Getting to chicks early and administering antibiotics for a period of five days would have a positive impact on population numbers and the species' chance of survival.

''At about three weeks two things happen, it [a penguin chick] stands up, and its own immune system kicks in,'' she said.

''At places like Bushy Beach [in Oamaru] where all the chicks died, that colony is doomed, and it is not acceptable, is it?''

Doc veterinarian Kate McInnes said the department was ''aware and is working on issues with avian diphtheria - particularly around the Otago coastline, where it is most prevalent in yellow-eyed penguin (hoiho) chicks''.

''Some sites have lost many or all their chicks to avian diphtheria. But others have not.''

She said three summers ago Doc monitored the outcome of different treatment options for the disease but did not look at antibiotic use due to the high level of intervention/disturbance it required.

Instead, the removal of the lesions the disease caused in chicks' mouths was found to be effective - and required one visit as opposed to the five antibiotics treatments would require.

Doc still considered antibiotics treatments an option ''if warranted'', but given the intervention involved, would not choose it lightly.

The reasons behind nest failure were complex and varied between sites, she said, and applying one management method without taking account of local conditions was, in addition to being wasteful of resources, a potential source of pathogens.

Further, Doc Coastal Otago operations manager Annie Wallace said due to the dispersal of penguin nests along the Otago and Southland coastline regular access was difficult and in some cases made intervention not viable.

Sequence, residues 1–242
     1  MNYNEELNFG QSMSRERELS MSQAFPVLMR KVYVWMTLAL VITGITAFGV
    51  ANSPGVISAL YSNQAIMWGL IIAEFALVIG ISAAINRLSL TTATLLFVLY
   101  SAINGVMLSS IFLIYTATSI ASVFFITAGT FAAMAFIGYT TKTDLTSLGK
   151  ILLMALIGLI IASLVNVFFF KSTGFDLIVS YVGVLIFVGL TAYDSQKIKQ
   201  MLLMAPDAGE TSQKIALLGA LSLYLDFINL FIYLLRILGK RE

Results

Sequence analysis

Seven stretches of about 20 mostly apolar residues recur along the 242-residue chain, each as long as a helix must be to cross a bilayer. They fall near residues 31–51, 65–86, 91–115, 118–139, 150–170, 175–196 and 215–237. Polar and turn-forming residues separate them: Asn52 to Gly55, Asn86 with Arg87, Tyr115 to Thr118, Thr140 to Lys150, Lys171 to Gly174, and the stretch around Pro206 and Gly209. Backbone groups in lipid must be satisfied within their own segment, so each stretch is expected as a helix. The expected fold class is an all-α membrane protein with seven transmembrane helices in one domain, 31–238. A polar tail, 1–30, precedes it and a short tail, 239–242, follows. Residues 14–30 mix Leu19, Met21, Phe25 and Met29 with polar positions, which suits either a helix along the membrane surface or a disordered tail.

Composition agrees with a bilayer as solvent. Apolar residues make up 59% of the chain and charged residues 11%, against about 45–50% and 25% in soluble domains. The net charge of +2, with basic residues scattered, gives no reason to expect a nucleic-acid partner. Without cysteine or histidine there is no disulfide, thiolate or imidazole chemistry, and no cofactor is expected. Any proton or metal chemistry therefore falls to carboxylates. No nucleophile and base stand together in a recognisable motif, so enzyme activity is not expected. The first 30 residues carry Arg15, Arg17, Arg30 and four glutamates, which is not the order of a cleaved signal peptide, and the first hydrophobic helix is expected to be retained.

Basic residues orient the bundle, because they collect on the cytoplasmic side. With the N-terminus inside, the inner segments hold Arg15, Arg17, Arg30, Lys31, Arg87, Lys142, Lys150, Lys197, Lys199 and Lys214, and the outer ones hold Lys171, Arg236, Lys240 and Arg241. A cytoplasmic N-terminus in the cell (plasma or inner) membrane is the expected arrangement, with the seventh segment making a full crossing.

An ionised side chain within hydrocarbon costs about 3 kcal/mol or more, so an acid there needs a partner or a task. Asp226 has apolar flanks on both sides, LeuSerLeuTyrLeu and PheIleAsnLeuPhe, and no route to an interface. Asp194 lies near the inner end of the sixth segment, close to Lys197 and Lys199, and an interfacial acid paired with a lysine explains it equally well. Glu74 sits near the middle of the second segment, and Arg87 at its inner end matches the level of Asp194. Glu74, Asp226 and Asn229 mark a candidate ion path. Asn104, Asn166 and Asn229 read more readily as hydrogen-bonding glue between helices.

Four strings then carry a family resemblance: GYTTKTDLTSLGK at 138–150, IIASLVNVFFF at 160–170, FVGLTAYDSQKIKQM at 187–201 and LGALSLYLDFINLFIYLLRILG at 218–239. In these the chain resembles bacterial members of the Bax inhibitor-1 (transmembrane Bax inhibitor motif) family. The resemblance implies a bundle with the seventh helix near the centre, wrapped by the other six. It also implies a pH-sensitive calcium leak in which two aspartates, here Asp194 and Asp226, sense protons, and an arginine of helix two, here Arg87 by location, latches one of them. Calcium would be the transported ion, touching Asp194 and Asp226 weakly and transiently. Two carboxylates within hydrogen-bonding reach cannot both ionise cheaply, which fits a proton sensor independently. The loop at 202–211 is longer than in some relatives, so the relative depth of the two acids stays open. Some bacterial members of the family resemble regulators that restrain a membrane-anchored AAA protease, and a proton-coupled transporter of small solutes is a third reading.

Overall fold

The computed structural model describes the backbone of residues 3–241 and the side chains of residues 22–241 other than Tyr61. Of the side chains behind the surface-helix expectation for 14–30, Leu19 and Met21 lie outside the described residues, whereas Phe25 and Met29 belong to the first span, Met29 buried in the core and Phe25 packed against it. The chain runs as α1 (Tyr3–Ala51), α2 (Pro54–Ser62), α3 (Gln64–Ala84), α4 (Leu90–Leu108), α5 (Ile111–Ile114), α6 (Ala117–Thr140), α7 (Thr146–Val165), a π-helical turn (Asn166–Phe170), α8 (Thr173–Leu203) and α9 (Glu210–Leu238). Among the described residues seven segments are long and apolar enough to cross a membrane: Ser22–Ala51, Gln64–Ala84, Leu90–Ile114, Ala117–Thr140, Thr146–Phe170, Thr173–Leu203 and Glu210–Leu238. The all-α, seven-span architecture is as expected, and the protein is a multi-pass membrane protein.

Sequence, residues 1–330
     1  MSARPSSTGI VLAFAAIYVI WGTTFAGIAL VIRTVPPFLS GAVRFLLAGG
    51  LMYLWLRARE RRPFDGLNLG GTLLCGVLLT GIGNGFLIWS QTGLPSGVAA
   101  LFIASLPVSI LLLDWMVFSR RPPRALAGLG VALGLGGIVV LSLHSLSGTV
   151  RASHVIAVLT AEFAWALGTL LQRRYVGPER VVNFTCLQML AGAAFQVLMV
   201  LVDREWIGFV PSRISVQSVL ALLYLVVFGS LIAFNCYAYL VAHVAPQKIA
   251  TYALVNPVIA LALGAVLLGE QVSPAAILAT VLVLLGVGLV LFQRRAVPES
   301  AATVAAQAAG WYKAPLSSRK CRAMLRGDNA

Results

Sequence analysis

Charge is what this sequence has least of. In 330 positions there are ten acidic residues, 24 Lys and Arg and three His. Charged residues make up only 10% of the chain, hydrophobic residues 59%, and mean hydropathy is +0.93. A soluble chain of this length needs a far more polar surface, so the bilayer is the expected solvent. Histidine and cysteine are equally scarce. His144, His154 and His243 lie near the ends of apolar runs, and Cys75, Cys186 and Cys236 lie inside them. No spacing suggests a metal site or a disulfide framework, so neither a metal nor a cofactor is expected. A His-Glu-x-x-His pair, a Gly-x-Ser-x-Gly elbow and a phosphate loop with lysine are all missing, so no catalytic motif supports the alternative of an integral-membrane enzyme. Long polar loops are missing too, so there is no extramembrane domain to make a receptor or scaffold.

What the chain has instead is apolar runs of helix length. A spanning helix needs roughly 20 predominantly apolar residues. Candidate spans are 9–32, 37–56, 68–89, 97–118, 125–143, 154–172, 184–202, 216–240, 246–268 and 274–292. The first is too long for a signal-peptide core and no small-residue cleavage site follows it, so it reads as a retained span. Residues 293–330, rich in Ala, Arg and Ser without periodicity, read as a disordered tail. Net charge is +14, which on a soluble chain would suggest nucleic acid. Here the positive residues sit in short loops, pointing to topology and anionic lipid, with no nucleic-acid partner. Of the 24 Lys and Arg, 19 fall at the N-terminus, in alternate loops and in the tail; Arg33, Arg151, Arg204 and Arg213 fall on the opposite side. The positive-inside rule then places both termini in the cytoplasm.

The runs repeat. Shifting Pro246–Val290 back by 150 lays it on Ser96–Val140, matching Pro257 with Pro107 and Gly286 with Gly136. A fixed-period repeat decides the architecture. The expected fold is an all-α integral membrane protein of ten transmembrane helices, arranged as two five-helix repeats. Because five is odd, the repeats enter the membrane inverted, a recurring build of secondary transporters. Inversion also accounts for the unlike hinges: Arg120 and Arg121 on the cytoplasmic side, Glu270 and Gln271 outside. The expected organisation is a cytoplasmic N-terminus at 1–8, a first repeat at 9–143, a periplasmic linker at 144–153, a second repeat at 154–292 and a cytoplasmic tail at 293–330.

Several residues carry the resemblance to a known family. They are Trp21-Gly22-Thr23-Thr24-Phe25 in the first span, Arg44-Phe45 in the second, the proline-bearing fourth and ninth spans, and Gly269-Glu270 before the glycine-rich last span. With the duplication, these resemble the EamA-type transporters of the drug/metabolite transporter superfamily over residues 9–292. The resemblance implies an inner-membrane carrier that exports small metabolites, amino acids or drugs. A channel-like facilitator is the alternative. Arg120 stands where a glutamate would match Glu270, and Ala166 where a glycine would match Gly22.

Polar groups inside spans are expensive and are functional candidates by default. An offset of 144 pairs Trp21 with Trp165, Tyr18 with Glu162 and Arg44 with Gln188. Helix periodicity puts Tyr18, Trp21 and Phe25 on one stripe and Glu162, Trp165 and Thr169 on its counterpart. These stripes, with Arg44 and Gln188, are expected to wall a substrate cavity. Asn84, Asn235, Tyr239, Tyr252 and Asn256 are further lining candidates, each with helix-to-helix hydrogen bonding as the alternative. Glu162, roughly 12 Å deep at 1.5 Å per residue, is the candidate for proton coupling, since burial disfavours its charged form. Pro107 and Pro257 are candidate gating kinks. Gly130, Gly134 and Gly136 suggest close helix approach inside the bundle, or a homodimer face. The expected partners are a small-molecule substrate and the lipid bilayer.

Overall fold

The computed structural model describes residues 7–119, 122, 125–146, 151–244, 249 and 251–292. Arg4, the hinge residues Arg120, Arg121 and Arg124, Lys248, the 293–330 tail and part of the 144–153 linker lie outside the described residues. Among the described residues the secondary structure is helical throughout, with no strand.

The birds faced ''a range of threats, posing some critical management challenges for all those working on their recovery''.

''We recognise the seriousness of the situation for hoiho with numbers of this taonga species continuing to decline at key nesting sites despite robust predator control and other land-based interventions,'' she wrote in an email.

''We are urgently working with MPI [the Ministry for Primary Industries], Ngai Tahu, the Yellow-eyed Penguin Trust, other site managers and others involved in their recovery to better understand the factors contributing to their decline.''

Conservation Minister Eugenie Sage said she was ''seriously concerned'' by the ongoing decline of yellow-eyed penguin numbers.

She noted Doc's work on a recovery plan for the species with Ngai Tahu and the Yellow-eyed Penguin Trust, as well as her request that Doc investigate ''potential impacts'' on the birds from being caught in fishing nets ''and how to best deal with this''.

Doc confirmed it had compiled a list of nest checks from a variety of sources but declined to share it with the ODT as it ''might be a little bit sensitive or incomplete or in process''.